After a brief preface and introduction of Mark (chapter 1), the book is divided into five parts. In part one (chapters 2-4), Oden defines African memory—the manner in which African peoples remember and approach history. This includes the body of sources—Coptic liturgy, the martyrdom of St. Mark, and the Coptic histories of Sawirus ibn al-Muqaffa and Anba Shenouda III—that weave together the African Christian narrative. In part two (chapters 5-7), Oden discusses how the biblical portrait of Mark is read within African tradition. In part three (chapters 8-9), the author examines Mark’s missionary work in Africa as well as some key Egyptian sites related to his martyrdom. In part four (chapter 10), Oden considers evidence for an African Mark from textual evidence from the church fathers—both African and non-African. Finally, in part five (chapters 11-13 and a brief conclusion), the author gathers the evidence from the first four sections and offers a closing argument for an African Mark:
• Who was born in Cyrene.
• Who was possibly a relative of Peter.
• Whose mother had a home in Jerusalem that was probably the location of the Last Supper, Pentecost, and, of course where Peter went after his miraculous release from jail (Acts 12).
• Whose mother’s house was probably the first New Testament house church.
• Who took refuge with Peter in Egypt where “Babylon” (1 Peter 5:13) was actually part of Cairo.
• Who was a natural catechist who influenced the development of liturgy in the greater church, and inspired the Alexandrian catechetical school.
• Who was a missionary to many parts of the known world and was founder of the church in Africa, particularly Egypt.
• Who was martyred in Alexandria.
In terms of strengths, Oden has pursued his thesis with characteristic thoroughness but has also written in an accessible manner for the benefit of the broader church. Indeed, the African perspective on Mark is a fresh one and the narrative, summarized above, is quite stimulating and will surely invite reflection and study. Further, Oden’s methodology that acknowledges the place of modern historiography, while also appreciating the African memory approach is refreshing. It is helpful to hear the voices of African scholars and historians regarding Mark, even when they challenge the conclusions of the Western academy. Related, in chapter 4, the author’s summary of the key African literary sources serves as a welcome invitation to the reader to study these in more depth. Similarly, the martyrdom sites and churches described in chapter 9 will aid students doing further research on site in Egypt.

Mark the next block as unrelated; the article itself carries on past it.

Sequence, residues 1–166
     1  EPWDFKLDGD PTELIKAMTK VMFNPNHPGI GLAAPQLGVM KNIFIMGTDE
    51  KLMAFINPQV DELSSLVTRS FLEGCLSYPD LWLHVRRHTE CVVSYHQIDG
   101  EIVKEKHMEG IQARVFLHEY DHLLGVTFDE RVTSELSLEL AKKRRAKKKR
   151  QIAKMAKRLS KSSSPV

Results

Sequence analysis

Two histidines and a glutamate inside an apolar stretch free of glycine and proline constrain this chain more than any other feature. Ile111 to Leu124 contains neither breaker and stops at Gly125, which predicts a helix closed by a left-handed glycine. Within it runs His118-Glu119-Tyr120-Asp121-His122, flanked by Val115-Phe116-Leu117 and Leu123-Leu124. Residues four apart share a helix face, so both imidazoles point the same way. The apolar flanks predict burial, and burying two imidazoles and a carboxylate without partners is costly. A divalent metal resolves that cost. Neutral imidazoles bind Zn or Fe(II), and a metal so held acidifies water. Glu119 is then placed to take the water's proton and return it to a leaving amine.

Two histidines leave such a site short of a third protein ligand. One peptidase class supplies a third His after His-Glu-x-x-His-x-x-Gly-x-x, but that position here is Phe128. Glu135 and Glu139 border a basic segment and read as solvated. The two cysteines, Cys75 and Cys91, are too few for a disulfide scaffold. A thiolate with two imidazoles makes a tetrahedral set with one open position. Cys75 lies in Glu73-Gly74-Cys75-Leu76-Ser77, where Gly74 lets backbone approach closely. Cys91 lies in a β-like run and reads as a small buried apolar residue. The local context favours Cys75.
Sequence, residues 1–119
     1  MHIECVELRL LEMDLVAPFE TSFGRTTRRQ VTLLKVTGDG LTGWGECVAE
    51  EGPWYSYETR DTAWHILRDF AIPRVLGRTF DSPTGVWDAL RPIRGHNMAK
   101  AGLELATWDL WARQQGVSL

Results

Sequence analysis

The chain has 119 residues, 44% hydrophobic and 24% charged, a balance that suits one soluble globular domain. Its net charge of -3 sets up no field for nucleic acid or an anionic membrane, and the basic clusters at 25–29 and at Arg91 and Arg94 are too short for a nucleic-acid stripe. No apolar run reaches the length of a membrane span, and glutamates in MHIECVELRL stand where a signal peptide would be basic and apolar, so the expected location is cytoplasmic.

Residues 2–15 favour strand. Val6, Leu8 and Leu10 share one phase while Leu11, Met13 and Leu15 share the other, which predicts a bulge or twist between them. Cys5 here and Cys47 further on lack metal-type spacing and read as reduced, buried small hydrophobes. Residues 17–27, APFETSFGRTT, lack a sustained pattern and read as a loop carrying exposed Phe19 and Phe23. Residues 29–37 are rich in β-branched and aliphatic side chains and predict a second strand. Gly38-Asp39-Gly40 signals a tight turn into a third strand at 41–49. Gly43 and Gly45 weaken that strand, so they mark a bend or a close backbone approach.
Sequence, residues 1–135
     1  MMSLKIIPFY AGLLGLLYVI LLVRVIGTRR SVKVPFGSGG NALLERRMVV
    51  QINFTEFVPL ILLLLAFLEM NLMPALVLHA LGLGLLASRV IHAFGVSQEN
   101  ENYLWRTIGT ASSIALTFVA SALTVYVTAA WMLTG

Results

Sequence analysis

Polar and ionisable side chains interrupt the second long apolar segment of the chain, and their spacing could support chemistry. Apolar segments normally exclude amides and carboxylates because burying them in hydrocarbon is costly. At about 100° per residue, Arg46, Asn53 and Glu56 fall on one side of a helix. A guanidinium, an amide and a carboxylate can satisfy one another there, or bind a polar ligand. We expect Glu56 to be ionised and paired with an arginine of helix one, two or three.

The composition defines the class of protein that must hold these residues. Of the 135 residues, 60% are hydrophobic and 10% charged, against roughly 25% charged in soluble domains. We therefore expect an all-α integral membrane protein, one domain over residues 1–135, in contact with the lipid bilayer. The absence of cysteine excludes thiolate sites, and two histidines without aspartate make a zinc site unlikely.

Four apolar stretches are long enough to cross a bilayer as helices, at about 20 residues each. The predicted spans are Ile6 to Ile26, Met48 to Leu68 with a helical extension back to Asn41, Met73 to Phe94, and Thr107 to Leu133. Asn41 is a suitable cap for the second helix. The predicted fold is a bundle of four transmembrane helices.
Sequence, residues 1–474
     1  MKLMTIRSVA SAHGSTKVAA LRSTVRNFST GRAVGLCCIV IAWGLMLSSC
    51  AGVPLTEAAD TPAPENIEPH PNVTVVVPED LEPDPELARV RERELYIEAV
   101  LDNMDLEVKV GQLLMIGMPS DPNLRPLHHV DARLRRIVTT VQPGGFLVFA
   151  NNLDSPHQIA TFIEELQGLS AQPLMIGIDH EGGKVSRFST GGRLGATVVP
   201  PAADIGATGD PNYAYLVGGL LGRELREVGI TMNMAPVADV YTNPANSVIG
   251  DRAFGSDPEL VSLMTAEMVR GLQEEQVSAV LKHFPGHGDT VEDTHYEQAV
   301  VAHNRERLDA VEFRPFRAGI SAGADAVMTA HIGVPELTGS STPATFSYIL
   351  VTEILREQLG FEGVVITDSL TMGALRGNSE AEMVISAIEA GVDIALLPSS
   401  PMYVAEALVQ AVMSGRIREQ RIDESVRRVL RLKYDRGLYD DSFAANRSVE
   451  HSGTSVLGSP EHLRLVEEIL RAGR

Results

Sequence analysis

What are the book’s weaknesses? First, Oden states that the book is intended in part for “young African scholars and their teachers in the many cultures of the great African continent” (p. 12). While the author is, of course, active in encouraging the work of African scholars, I wonder how many African students will be touched by this book—published on Intervarsity Press and circulated largely in North America and Europe. Is there a special distribution plan for the continent of Africa or perhaps a plan to offer it in digital format? What about Africa’s non-English speakers?
Second, Oden chooses to define Africa as a single unified continent and seems to infer that the African memory of Mark is something shared by all Africans (pp. 30-31, 73-76, 81). In reality, what Oden calls an African memory is largely a Coptic memory of Mark and thus it is most meaningful for the churches of Egypt and Ethiopia. Though congregations in the predominantly Christian areas of sub-Saharan African may through study and reflection appreciate Mark’s role in the rise of Christianity in Africa, this narrative is still not their inherited tradition. Moreover, Africa has many Muslims, especially in the North African countries of Egypt and Libya where Mark probably ministered as well as in Morocco, Algeria, and Tunisia where there were Christian communities in the pre-Islamic period. While it is indeed useful to probe this early Christian history in order to enter into respectful dialogue with North African Muslims today, it would be incorrect to say that African Muslims have a Christian memory of Mark.
Despite these critiques, I continue to admire the work of Thomas Oden and the attention he is giving to early African Christianity. Though this work may not circulate as widely on the continent of Africa, students (including African students) studying in North America and Europe should read this work in courses related to Patristics and global Christianity, and I could see it serving as a primary text for a seminar on early African Christianity.